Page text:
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Richards v. Wisconsin

Law Dictionary

Law Dictionary

Featuring Black's Law Dictionary 2nd Ed.
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Criminal Procedure keyed to Israel

Citation. Richards v. Wis., 520 U.S. 385, 117 S. Ct. 1416, 137 L. Ed. 2d 615, 1997 U.S. LEXIS 2794, 65 U.S.L.W. 4283, 97 Cal. Daily Op. Service 3041, 97 Daily Journal DAR 5324, 10 Fla. L. Weekly Fed. S 422 (U.S. Apr. 28, 1997)

Brief Fact Summary. Police, suspecting a felony drug violation, executed a search warrant at petitioner Richards’ hotel room while failing to “knock and announce.”ť

Synopsis of Rule of Law. Not knocking and announcing is allowable under the Fourth Amendment as long as the decision to do so is reasonable under the circumstances.

Facts. Police obtained a warrant to search petitioner’s hotel room on suspicion that he had committed felonious crime of possession with intent to deliver a controlled substance. The officers did not knock and announce prior to entering the room, and searched and ended up seizing drugs. They knocked on the door claiming to be a maintenance man, and then kicked in the door when the petitioner tried to slam it upon seeing that they were police. The Wisconsin State Supreme Court held for the state, expressing their view that there is no knock and announce requirement when they are executing a search warrant in a felony drug investigation because there is reasonable cause to believe exigent circumstances exist. Petitioner then sought certiorari.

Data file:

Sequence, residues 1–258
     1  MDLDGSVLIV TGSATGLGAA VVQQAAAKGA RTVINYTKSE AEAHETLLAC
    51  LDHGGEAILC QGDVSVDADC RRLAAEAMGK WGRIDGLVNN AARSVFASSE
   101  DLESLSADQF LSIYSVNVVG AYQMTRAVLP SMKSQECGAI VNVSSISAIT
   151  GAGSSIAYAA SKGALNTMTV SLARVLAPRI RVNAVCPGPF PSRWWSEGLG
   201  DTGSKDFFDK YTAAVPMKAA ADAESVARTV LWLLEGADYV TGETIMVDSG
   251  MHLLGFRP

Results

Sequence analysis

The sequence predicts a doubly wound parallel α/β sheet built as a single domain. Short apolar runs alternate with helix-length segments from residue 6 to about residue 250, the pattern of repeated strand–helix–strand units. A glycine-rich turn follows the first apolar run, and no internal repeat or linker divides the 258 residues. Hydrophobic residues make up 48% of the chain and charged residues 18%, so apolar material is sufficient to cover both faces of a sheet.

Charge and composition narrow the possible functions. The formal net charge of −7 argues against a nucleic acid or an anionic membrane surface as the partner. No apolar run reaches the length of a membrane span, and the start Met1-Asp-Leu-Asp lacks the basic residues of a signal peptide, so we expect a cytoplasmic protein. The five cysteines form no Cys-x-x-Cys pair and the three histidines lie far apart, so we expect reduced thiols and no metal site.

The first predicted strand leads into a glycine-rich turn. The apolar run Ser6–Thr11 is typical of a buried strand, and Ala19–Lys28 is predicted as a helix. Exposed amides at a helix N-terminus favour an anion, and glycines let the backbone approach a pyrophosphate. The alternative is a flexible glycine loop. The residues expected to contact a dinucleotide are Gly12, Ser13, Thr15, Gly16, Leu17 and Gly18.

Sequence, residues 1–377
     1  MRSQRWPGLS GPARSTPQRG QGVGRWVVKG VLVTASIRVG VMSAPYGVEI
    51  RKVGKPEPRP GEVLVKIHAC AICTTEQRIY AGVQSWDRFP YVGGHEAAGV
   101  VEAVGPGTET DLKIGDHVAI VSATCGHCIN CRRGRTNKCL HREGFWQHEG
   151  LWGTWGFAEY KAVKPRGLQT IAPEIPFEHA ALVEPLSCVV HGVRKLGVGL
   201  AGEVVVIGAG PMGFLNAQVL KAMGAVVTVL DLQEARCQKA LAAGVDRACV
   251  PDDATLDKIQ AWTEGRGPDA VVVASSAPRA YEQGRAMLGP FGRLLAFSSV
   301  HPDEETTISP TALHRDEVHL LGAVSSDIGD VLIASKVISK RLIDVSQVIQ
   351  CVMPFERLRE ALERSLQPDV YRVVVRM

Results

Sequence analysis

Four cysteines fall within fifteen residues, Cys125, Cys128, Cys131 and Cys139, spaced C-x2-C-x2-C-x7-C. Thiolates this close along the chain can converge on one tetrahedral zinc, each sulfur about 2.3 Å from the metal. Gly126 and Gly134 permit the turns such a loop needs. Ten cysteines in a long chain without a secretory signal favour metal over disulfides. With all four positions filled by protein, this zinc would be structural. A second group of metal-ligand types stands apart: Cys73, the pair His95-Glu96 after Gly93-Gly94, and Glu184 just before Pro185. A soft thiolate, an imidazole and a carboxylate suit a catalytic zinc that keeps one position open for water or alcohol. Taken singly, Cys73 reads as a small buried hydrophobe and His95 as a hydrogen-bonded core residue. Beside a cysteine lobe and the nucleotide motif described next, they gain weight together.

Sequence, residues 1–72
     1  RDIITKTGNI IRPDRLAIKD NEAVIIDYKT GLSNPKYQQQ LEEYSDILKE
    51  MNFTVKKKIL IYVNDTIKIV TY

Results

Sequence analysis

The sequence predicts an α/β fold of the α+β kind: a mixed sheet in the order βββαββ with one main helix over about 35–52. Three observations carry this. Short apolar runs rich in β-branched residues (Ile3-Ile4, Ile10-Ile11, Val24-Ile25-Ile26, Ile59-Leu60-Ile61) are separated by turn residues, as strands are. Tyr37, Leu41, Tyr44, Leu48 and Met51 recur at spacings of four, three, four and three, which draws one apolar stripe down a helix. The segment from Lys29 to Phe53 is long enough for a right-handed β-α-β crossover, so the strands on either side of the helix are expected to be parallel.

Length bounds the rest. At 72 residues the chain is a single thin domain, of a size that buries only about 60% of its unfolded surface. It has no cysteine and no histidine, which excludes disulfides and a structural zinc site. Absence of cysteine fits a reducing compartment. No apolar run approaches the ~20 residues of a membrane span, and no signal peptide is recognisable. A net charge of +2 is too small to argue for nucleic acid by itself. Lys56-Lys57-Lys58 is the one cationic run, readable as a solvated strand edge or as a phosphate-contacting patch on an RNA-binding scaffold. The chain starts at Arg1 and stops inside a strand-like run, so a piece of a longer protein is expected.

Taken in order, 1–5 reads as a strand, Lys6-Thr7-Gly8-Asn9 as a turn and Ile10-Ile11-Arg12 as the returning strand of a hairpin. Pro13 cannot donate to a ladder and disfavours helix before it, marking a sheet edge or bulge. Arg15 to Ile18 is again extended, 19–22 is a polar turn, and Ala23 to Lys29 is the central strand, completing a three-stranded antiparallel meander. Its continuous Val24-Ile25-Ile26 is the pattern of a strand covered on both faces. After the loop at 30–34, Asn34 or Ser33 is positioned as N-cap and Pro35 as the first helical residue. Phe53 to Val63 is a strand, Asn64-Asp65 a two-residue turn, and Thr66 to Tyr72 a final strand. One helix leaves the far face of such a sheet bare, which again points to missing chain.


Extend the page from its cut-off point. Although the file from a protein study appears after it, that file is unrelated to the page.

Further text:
Issue. Is knocking and announcing your presence ever required under the Fourth Amendment for police officers executing a search warrant in a felony drug investigation?

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